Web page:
Nowhere Near Single. Feels a bit MS-Painty. The female-symbols don’t feel like natural parts of the lettering. Normally I’d expect this to be a game which tediously explains what polyamory is, but based on kaleidofish’s track record I’d expect it to be better than that; at the very least, to have well-realised characters. Except that the ‘public pop star persona’ part makes me think that this is going to be a wish-fulfilmenty piece.
Scarlet Sails. This feels like a very Choice of Games-y pitch. Tropey pirates are kind of boring, but at least this knows what it is and is excited to tell everyone about it. The art, again, is a bit half-assed – like, basically the author image-searched a pirate flag and then painted it red – but it tells you what you need to know.
Sub Rosa. OK, so this is a history piece – probably alt-history – about intrigue, priests, and stealthy thefts. Neat. The art isn’t quite as good as the blurb: the ghostly blue rose is pretty, but the text’s a bit boring, and I’m not sure that the landscape-format feels right.
Summit. This is a pretty straightforward pitch. It’s not very exciting, but it tells you exactly what to expect: an atmospheric wander game. The cover art doesn’t work awfully well at this size: it’s clearly meant to evoke classical Chinese landscape painting, but I’m not sure what the detail’s meant to represent – I think it’s an abstract metropolis? Probably?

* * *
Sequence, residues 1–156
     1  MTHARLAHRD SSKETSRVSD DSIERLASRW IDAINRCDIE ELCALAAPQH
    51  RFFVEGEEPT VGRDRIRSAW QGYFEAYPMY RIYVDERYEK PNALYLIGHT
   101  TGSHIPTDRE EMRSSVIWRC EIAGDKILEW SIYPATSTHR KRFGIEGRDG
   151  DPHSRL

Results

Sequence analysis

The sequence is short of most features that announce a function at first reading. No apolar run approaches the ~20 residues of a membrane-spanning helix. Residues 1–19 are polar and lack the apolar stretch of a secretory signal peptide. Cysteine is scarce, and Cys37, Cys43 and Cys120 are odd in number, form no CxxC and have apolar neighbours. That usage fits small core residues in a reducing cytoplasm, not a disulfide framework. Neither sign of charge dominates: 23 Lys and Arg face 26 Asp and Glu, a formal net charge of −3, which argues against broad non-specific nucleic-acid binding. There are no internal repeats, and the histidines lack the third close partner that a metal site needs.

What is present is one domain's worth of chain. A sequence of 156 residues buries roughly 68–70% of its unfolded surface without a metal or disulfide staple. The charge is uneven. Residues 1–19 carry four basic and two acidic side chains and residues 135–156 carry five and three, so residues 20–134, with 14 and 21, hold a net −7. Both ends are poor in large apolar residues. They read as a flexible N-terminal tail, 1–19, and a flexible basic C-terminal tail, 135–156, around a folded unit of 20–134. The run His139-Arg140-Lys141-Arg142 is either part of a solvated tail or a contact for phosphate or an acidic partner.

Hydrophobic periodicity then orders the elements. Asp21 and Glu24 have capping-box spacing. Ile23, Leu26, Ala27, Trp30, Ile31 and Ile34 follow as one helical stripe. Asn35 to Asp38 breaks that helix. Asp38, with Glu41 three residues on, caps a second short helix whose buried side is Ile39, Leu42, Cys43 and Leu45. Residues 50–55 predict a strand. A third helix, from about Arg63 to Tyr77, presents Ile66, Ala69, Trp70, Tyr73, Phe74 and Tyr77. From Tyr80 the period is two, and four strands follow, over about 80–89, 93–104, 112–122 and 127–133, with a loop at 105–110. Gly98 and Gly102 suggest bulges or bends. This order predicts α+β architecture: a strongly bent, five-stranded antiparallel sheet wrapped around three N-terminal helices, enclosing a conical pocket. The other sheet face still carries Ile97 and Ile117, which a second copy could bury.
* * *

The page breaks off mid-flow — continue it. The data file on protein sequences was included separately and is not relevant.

The Baker of Shireton. ‘Shireton’ is one of those fantasy-England names that rings totally tone-deaf to actual English people. I guess that this is the idea – the art style does a good job of suggesting a cod-fantasy 90s CRPG or adventure game, the sort of thing that would have terrible naming – but it’s still kiiind of like nails down a chalkboard. Nice rich colour palette in an appropriate faux-leather tone, but I’m not sure about that ungainly black template around the bread icon. Or what that red thing is. Do I like making sandwiches with a single, asymmetrically-placed cherry tomato? Is my bread so renowned that the King attaches his royal seal directly to every slice?
The Insect Massacre. The blurb is too brief to really grab my interest. The cover: OK, this is going to be horror. There’s an over-the-top death-metal font and some kind of squicky caterpillar thing in the background, which suggests gross-out or body horror and also that this thing may take itself a little too seriously.